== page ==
The exchange of information is a key element of effective coordinated care, yet the NHS’s fragmented IT framework creates a host of problems and difficulties, says Veronika Thiel
One of the key findings of the King’s Fund’s report on care coordination for people with complex chronic conditions, published last week, is that measuring impact, particularly through current IT systems, is complicated and requires time, dedicated resources and capacity.
‘There was an overarching sense of frustration at the lack of access to shared electronic records’
Related to that, effective information exchange, one of the key elements of successful and seamless care coordination, is often lacking. During our research project, we worked with five case study sites that are delivering effective care coordination programmes.
We found the sites used a “high-touch, low-tech” approach to information exchange – with face to face or telephone conversations, and secure email and fax. While practitioners especially enjoyed the personal contact with each other, there was also an overarching sense of frustration at the lack of access to shared electronic records, and having to update patient records on different systems was often cumbersome and time-consuming.
The common link between impact measurement and information exchange is, of course, information technology: data collection and care coordination involving multiple providers both depend on compatible IT systems. Health and social care have a fragmented IT framework, with as many systems as there are entities.
Social care, primary care, mental health care, community care and secondary care all use different software, leading to a whole host of problems. These include: duplication of data entry with associated risk of error; differences in the indicators collected making comparison difficult; and incompatibility of data formats. which complicate data exchange. Methods and systems to measure evidence of the impact of care coordination and integration are mostly weak, and policymakers and commissioners are slowly waking up to this problem.
Adapt to local circumstances
Practitioners in our study also highlighted the fact that software could not easily be adapted to reflect local circumstances; a key tenet of integrated care is that it operates best at a neighbourhood level and should therefore use indicators that reflect local demography, health needs, circumstances and socio-economic conditions. Most existing software appears not to be flexible enough to meet these needs.
‘There appears to be an appetite for developing in-house systems, using open source software that can be transferred to providers at little or no cost’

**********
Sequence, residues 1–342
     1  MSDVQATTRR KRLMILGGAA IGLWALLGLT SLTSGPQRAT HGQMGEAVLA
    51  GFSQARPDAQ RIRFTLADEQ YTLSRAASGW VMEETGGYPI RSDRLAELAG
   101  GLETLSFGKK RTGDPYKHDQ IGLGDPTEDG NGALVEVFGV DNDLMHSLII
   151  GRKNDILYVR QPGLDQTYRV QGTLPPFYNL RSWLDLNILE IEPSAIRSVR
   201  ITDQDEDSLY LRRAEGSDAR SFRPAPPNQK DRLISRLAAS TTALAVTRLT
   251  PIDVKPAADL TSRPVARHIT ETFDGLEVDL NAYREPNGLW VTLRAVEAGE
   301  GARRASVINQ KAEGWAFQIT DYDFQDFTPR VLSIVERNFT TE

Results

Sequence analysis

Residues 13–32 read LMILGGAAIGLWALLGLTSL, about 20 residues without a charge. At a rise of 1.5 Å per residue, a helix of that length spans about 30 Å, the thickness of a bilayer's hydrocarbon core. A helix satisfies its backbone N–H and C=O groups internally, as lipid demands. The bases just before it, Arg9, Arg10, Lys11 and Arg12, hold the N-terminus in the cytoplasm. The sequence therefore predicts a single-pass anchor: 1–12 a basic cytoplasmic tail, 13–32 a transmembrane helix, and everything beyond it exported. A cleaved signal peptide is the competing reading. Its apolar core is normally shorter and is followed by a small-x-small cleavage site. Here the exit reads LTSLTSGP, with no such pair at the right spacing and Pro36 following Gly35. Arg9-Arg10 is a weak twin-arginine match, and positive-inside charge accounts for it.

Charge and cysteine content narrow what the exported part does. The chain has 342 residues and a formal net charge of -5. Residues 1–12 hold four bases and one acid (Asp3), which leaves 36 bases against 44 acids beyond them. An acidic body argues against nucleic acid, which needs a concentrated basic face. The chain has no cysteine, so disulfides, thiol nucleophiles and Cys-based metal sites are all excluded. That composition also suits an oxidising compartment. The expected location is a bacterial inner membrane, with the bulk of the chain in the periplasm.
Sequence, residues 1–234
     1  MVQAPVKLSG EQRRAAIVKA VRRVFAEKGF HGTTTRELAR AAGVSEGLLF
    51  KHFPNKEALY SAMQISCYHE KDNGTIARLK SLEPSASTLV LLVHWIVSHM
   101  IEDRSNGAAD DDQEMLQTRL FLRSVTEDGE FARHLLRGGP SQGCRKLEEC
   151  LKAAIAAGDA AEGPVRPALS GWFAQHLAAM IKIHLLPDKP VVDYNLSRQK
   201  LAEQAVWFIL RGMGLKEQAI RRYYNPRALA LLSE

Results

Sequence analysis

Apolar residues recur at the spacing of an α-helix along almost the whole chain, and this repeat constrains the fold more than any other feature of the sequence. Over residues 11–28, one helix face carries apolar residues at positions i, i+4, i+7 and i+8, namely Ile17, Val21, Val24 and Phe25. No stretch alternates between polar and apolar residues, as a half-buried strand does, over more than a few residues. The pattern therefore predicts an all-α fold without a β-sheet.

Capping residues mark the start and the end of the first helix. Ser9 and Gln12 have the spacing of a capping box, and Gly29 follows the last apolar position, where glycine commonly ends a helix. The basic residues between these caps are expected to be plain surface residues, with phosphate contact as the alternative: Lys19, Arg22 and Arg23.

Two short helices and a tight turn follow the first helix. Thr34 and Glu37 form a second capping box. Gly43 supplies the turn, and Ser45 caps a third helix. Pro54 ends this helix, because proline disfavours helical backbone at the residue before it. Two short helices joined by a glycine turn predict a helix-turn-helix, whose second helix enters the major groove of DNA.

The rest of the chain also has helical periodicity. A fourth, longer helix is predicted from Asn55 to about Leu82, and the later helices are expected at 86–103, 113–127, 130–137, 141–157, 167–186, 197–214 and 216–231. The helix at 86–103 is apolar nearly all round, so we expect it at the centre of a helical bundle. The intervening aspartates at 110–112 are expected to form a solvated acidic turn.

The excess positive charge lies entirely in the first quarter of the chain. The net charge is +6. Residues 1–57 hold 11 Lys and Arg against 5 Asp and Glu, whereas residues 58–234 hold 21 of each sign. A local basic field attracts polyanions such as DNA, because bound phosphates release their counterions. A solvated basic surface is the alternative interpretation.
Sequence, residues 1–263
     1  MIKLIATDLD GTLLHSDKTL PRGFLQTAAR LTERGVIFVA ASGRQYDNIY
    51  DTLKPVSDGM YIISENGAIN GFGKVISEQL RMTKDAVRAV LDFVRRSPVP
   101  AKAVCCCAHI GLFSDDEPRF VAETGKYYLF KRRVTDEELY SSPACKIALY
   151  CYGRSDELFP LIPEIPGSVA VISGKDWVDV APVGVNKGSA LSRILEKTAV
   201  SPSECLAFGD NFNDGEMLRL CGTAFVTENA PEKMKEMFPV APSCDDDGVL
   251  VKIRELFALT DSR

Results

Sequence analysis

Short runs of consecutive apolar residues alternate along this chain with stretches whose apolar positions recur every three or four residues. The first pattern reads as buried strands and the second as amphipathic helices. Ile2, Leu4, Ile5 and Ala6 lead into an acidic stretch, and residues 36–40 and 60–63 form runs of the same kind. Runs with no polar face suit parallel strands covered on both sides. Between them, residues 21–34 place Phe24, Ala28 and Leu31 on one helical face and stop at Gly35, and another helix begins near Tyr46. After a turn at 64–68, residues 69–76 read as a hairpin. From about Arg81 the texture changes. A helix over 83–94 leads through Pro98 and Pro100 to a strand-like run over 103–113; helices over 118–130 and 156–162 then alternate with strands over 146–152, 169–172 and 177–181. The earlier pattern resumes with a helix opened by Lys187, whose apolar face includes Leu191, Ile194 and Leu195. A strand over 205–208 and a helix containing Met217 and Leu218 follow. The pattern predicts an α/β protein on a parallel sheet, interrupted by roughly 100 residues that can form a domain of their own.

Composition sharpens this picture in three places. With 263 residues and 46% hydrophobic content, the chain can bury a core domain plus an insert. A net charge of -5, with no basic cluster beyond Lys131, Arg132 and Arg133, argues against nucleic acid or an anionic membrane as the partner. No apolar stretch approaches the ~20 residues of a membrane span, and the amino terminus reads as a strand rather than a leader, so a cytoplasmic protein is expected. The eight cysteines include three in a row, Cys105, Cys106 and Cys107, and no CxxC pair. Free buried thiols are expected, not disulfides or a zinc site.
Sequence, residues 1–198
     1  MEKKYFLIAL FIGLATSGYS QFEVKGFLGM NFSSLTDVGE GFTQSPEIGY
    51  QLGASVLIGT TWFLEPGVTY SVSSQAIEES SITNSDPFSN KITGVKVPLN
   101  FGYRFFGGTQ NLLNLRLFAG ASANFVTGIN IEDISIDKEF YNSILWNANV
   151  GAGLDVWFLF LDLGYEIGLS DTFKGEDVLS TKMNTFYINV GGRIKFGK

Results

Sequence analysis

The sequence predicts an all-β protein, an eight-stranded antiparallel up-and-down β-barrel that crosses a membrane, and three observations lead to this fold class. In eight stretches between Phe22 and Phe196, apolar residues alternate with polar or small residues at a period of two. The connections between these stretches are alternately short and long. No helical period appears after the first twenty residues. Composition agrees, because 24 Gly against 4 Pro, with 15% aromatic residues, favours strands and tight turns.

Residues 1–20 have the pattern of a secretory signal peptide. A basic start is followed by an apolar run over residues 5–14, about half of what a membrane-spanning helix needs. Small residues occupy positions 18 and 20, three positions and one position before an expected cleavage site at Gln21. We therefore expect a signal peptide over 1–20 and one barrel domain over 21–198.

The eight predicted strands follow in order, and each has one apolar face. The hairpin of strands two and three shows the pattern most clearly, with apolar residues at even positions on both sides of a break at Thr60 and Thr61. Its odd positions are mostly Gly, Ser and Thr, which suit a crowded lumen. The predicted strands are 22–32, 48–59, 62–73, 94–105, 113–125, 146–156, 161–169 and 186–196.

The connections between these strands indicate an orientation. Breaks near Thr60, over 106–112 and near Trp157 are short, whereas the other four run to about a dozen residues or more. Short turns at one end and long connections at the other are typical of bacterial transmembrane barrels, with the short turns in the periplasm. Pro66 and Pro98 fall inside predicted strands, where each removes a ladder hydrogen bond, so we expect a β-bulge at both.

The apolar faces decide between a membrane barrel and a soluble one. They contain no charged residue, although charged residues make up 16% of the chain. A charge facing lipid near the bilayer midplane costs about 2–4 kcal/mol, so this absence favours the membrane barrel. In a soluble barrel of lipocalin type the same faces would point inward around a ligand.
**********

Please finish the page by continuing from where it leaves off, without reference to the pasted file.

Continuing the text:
Commercial software is often difficult to adapt, as the source code cannot be manipulated, and, in some instances, the software can limit the amount of data that can be exported to other formats, complicating information exchange and the tracking of patient status.
Some software carrying out predictive risk modelling, which uses patient information from the past to assess the risk of future hospital admission, will not allow users to access details on how indicators are weighted, so that providers cannot be sure if they are targeting the right patients. Furthermore, providers often have contracts that tie them to particular software and so may not be able to switch easily.
As a result of these limitations, there appears to be an appetite for developing in-house systems, using open source software that can be transferred to providers at little or no cost. Open source software allows anyone to access the source code and to adapt it to their own needs.
This is, of course, not without its problems – if too many people in one organisation change the code, it will become difficult to track and understand changes. Changes must therefore be logged meticulously. Nevertheless, data analysts and practitioners appear to value the advantages of local adaptability and transferability, and national policy appears to be moving into the same direction, with the adoption of open source software for centrally provided NHS IT services.
Commissioners need to decide which system will best suit their local care coordination needs. Whichever they choose, they need to make a conscious decision early on in the process − everything from patient identification and care coordination to future upscaling of the model is simplified if suitable IT systems are in place.
Veronika Thiel is and independent policy analyst and researcher. This article also appears on the King’s Fund blog.